Conference season 2008

February 7th, 2008  |  Published in Uncategorized  |  1 Comment


The March 2008 US conference season is nearly upon us. I’m just on my way back from representing Dopplr at Social Graph Foo Camp (find out more by listening to the Citizen Garden Podcast I participated in after the camp), but I’ll be back here again in three weeks.

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Last call for XTech

January 25th, 2008  |  Published in Uncategorized

It’s that time of year again – today is your last chance to put in a proposal for XTech 2008 in Dublin. You can read all about it in the Call for Participation. This year, along with the traditional core Web and XML technologies of XTech, we’re focusing on “The Web on the Move” – the emerging portability of data, applications and identity on the internet.

I’m writing my proposal today – I’m planning on pulling the very loose ramble I presented at Barcamp London on messaging architectures into a proper talk. For 2008 I’m very excited about Erlang, XMPP, message brokers such as ActiveMQ and clientside messaging with Comet. The future’s asynchronous and highly concurrent.

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Hardcore Hardware Hacking Weekend

July 9th, 2007  |  Published in Uncategorized

If you’ve seen me talk at a conference recently (perhaps XTech or ApacheCon Europe) you’ll know that I’m very interested in what happens when the coders who made the web get to script the real world. Cheap and powerful hardware prototyping is now within the reach of anyone who can code a webapp or configure a Unix box.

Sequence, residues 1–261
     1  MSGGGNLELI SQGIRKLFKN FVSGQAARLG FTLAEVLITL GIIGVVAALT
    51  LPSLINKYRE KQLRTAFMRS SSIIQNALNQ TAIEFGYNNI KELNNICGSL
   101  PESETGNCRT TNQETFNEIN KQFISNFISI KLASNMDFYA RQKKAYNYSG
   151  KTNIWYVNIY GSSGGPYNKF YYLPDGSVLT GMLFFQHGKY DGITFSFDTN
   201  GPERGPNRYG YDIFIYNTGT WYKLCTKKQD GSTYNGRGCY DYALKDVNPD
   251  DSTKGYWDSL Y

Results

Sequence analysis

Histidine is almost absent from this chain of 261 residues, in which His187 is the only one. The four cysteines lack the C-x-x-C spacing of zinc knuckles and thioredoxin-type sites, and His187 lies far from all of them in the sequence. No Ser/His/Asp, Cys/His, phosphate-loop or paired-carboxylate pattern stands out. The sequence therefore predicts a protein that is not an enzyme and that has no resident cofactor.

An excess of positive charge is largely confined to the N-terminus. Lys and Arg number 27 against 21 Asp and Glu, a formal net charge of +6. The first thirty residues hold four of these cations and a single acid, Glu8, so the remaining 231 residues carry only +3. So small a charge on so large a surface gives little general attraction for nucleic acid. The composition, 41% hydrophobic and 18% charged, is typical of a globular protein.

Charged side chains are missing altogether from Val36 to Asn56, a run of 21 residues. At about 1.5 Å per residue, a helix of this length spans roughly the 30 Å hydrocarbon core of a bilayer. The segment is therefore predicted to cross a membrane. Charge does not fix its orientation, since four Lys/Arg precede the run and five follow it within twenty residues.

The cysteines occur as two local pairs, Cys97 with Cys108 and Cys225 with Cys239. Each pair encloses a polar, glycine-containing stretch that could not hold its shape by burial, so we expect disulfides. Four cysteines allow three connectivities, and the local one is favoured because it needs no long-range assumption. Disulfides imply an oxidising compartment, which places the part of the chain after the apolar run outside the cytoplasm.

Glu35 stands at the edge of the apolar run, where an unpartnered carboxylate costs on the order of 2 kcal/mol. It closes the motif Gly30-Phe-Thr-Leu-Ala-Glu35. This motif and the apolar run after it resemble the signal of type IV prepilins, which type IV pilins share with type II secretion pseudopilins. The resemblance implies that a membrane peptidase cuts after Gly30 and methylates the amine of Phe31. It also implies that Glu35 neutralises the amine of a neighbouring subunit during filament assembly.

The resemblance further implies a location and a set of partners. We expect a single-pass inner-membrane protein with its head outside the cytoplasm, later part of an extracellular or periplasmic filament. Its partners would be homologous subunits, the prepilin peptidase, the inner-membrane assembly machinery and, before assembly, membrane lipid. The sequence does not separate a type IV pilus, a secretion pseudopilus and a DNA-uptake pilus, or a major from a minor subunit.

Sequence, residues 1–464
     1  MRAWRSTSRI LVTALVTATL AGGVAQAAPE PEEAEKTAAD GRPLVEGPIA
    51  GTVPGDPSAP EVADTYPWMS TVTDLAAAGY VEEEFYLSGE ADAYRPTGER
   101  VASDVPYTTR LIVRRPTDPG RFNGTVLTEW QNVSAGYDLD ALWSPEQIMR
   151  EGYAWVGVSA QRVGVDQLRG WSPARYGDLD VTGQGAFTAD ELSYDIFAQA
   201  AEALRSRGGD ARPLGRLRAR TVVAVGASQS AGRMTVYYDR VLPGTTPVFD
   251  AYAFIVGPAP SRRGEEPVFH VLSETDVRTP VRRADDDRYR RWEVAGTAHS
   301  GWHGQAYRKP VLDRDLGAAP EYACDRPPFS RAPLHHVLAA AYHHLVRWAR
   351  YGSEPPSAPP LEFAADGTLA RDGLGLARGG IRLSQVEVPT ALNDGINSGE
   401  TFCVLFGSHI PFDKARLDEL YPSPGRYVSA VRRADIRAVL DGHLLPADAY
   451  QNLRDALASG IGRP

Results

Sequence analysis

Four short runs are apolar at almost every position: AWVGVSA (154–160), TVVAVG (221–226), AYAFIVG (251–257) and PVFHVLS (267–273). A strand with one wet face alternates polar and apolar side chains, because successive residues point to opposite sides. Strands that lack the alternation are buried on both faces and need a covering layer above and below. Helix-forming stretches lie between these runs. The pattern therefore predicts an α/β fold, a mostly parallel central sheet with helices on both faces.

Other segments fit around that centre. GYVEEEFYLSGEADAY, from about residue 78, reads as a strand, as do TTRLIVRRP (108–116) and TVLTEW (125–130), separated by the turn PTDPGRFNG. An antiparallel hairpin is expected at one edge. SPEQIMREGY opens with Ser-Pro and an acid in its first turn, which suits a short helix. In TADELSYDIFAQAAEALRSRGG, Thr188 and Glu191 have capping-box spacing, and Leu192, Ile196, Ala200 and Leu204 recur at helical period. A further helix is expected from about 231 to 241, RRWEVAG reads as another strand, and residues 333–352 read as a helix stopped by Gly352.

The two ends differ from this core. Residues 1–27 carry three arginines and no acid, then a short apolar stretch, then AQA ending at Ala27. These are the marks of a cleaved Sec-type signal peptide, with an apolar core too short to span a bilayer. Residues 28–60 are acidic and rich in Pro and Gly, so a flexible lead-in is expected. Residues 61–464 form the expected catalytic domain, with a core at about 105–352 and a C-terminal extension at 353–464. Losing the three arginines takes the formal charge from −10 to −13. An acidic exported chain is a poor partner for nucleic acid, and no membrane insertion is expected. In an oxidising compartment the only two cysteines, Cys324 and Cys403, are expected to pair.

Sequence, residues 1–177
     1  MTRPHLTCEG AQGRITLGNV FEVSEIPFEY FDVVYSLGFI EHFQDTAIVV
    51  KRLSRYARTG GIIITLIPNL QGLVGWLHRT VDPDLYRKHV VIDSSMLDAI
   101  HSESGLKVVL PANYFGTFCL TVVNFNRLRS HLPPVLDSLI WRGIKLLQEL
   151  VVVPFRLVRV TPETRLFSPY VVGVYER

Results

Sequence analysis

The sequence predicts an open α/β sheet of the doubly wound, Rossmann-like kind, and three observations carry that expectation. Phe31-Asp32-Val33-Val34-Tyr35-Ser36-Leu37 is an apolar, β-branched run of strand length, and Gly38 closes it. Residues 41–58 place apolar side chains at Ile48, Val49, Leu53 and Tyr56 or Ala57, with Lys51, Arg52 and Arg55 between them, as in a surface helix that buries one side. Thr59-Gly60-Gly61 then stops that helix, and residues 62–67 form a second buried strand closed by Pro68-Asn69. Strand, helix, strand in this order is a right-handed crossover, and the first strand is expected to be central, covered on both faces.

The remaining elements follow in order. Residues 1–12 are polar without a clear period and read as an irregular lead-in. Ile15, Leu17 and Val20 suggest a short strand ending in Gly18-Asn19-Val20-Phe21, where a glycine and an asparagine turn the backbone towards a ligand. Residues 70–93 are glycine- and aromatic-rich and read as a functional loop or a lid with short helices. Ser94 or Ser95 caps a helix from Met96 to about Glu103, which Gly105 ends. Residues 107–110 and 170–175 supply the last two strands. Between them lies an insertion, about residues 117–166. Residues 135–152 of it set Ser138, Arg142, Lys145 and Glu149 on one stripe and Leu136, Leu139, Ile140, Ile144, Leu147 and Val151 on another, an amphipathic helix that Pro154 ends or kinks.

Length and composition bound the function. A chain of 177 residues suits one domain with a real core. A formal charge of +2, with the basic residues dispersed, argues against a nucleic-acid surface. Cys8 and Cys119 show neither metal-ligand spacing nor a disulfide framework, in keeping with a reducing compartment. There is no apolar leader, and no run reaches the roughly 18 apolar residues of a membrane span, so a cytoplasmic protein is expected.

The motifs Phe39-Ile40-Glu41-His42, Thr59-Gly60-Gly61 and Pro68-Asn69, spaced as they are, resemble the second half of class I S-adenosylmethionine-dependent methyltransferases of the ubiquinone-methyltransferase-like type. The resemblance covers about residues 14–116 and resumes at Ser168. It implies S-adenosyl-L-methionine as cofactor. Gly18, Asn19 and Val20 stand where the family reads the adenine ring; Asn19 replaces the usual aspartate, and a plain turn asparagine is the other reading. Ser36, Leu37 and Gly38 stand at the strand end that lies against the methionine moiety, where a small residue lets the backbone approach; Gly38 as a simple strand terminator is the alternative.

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20:20 talk on hardware hacking for software people

May 19th, 2007  |  Published in Uncategorized

I just got back from XTech 2007 in Paris. It was an excellent conference this year and I’m really proud of having contributed in a small way by being on the programme committee. Every year the speaker lineup gets better and better.

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ApacheCon Europe 2007 keynote

May 7th, 2007  |  Published in hardware

Last Friday I had the great privilege of giving a keynote talk at the ApacheCon Europe conference in Amsterdam. My topic was the new possibilities for software hackers coming from cheap, scriptable hardware prototyping. I illustrated the path from the desktop via my work in Second Life, and showed how it translates into physical computing.

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Serendipity 2.0: going fulltime on Dopplr

April 27th, 2007  |  Published in misc

For the last couple of months I’ve been working on a new project in my spare time. Dopplr is a social network for frequent travellers, designed to increase the amount of serendipity in the world. It lets you share your travel plans with your trusted fellow travellers, and uses them to find the coincidences, near-misses and surprises. Maps, mobile, timelines, feeds, calendars: you can have the information pretty much any way you want it.